Former US president Bill Clinton has admitted his combative response earlier this week to questions about Monica Lewinsky was not his “finest hour”.
“When I saw the interview … it looked like I was saying that I didn’t apologise and I had no intention to,” Mr Clinton said on Wednesday.
“And I was mad at me – not for the first time.”
He added: “It wasn’t my finest hour but the important thing is, that was a very painful thing that happened 20 years ago and I apologised to my family, to Monica Lewinsky and her family, to the American people.
“I meant it then. I meant it now.”
— The Late Show (@colbertlateshow) June 5, 2018
It was a different answer from the testy one he gave two days earlier in an interview with NBC, where he dismissed suggestions he should have resigned as president over his sexual relationship with the White House intern, and appeared to say he did not owe a private apology to Ms Lewinsky.
“I don’t think it would be an issue because people would be using the facts instead of the imagined facts. If the facts were the same today, I wouldn’t [step down],” Clinton had said.
“I think I did the right thing. The American people, two-thirds of them stayed with me. And I’ve tried to do a good job since then, and with my life and with my work. That’s all I have to say.”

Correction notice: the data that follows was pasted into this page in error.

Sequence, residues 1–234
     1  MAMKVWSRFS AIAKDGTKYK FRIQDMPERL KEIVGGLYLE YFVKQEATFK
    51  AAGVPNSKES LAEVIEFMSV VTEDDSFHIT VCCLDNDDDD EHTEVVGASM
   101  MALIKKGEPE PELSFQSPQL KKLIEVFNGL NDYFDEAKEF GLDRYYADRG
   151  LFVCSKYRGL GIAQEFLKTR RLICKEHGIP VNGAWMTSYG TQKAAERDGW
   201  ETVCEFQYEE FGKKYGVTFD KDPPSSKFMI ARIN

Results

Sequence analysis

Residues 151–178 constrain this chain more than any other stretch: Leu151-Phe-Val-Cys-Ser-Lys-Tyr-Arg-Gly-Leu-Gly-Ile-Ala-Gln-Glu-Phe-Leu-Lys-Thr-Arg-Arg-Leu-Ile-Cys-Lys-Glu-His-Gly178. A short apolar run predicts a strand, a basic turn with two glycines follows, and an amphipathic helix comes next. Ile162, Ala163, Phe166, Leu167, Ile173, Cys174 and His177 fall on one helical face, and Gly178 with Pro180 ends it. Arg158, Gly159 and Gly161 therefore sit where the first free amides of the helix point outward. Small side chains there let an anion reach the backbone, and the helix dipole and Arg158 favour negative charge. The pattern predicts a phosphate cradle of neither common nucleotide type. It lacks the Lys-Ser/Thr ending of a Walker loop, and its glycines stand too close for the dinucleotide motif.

Crucially, that was the first time he had commented on the affair since the beginning of the ‘Me Too’ movement. Many viewers thought his response was tone deaf.
There was some confusion over whether Mr Clinton had refused to apologise to Ms Lewinsky, or whether he had simply stumbled over his answer.
“Do you owe her an apology?” the journalist had asked.
“No. I do not – I have never talked to her. But I did say publicly on more than one occasion that I was sorry. That’s very different. The apology was public.”
Monica Lewinsky appeared to weigh in. “Grateful to the myriad people who have helped me evolve and gain perspective in the past 20 years,” she wrote on Twitter soon after the original program aired.
Clearly responding to the backlash, Mr Clinton said in the subsequent interview two days later that the ‘Me Too’ movement was way overdue and he supported it.
“I’ve had to live with the consequences every day since and I still believe this ‘Me Too’ movement is long overdue, necessary, and should be supported,” he told The Late Show on Wednesday.
When asked if he realised why some Americans were angered by his earlier response, the former president agreed, “It wasn’t my finest hour.”
Mr Clinton was impeached in 1998 for lying to investigators about the relationship. He was eventually acquitted and remained in office.
In an essay she wrote for Vanity Fair earlier this year, Ms Lewinsky said the ‘Me Too’ movement had prompted her to re-evaluate her relationship with Mr Clinton and she now believed it was a “gross abuse of power”.
“As I find myself reflecting on what happened, I’ve come to understand how my trauma has been, in a way, a microcosm of a larger, national one,” she wrote.
“He was my boss. He was the most powerful man on the planet. He was 27 years my senior, with enough life experience to know better.”